The Consumerization of Healthcare: Can Providers Keep Pace? | Healthcare and Technology news | Scoop.it

Healthcare is undergoing a wave of consumerization. Changing regulations are requiring patients to contribute more financially toward their own care, turning them into true healthcare consumers and motivating them to make more careful and informed decisions. At the same time, the consumerization of healthcare is driving more players into the healthcare space – from tech giants like Google and Apple, to convenience-focused retailers like Walmart and CVS. These new entrants are not only creating savvier, more informed patients, but are opening up more choices for where and how consumers direct their healthcare dollars.

I see three key changes that providers will need to make in order to compete with new entrants and adapt to this new era of healthcare consumerization:

  • Making patient information a shared responsibility. The days of keeping each consumer’s information locked up in a filing cabinet and available only through a paper document request process are long over. Many providers have already started making progress by using patient portals to share information. Today’s patient portals are only a beginning. Instead of information flowing from provider to patient, consumers will increasingly want and need to contribute more of their own information, such as daily readings from weight scales, wearables or in-home test results.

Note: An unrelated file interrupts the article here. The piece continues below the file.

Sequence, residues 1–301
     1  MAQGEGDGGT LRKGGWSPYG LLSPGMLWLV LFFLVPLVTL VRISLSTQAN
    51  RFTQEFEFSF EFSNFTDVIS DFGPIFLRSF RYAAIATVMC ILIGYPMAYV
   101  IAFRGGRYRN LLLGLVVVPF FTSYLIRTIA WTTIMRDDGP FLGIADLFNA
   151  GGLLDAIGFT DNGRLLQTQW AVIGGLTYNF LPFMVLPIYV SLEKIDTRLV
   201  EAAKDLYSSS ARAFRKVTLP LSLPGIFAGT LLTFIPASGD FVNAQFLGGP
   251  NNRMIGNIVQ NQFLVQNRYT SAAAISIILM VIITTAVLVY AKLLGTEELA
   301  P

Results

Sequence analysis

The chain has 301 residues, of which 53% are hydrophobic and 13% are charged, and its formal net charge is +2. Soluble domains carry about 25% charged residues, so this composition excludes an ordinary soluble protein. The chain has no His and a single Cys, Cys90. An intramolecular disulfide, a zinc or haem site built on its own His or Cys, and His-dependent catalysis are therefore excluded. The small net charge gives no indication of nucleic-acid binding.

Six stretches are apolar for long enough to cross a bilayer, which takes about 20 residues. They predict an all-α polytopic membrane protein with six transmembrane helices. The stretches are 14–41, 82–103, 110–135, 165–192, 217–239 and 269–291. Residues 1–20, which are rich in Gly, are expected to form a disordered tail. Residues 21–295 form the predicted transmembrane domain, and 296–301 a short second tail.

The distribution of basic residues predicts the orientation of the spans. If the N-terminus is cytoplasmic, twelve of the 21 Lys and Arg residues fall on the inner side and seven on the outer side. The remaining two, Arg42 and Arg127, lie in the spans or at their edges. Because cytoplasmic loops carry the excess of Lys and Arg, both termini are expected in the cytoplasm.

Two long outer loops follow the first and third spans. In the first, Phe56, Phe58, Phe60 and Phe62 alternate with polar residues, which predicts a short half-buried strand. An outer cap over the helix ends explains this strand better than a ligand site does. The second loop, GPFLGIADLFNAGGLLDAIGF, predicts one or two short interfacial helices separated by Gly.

• Allowing more variety in care settings. Patients are increasingly looking for care to come to them instead of traveling to a hospital or doctor’s office. Healthcare providers are shifting care to the home and to other outpatient settings in an effort to respond to these new demands for convenience, and new connected technologies and mobile devices are making it easier to deliver quality care in new settings.
  • Delivering more personal healthcare. In an era of healthcare consumerization, healthcare providers need to think more like other industries. This is challenging because of the perverse incentives associated with fee for service. For many patients, interacting with the healthcare system is like dealing with the DMV. Interactions can be lengthy, complicated and frustrating. However, healthcare organizations that put the patient at the center of their care delivery processes can improve the health and wellness of their communities; drive patient satisfaction and engagement, which are critical to controlling costs; and increase quality and profitability. This can start with simple measures, like providing a multi-lingual staff, addressing people by a preferred name, knowing personal histories and providing more convenient after-hours access that other industries have mastered.